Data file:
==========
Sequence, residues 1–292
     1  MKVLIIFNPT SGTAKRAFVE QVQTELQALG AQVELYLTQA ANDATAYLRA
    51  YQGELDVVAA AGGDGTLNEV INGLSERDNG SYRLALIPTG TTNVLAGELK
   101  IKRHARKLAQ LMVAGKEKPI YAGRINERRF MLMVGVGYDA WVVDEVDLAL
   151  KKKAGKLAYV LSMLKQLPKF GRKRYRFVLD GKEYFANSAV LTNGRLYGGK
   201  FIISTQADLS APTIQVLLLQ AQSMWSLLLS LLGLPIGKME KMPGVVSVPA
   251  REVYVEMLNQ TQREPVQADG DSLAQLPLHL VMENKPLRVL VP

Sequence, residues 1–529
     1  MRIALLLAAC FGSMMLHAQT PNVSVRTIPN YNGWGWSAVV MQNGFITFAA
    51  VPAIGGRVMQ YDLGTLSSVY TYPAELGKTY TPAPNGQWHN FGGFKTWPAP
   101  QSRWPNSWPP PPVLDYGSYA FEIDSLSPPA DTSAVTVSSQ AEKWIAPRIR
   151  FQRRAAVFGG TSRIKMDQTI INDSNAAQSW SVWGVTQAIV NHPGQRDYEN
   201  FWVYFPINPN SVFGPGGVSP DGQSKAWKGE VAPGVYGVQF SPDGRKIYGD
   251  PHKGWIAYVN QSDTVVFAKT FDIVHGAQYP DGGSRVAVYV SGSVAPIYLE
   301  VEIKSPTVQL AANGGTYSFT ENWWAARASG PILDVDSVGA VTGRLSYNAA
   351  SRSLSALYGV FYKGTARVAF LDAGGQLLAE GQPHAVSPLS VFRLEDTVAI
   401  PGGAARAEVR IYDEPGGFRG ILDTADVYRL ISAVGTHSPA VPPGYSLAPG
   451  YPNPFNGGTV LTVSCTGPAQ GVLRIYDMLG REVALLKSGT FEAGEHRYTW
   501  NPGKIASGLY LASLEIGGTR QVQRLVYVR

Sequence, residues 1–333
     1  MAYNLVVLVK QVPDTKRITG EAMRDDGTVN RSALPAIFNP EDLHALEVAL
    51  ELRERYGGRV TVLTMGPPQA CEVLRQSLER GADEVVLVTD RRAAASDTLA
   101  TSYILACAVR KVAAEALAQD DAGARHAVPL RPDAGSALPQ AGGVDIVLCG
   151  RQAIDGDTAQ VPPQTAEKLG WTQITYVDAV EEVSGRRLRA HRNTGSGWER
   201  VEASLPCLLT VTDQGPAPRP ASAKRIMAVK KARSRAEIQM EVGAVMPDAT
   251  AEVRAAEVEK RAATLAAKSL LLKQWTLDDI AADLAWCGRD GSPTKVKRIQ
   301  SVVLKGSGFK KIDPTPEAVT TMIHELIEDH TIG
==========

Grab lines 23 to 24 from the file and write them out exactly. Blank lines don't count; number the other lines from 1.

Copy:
   101  TSYILACAVR KVAAEALAQD DAGARHAVPL RPDAGSALPQ AGGVDIVLCG
   151  RQAIDGDTAQ VPPQTAEKLG WTQITYVDAV EEVSGRRLRA HRNTGSGWER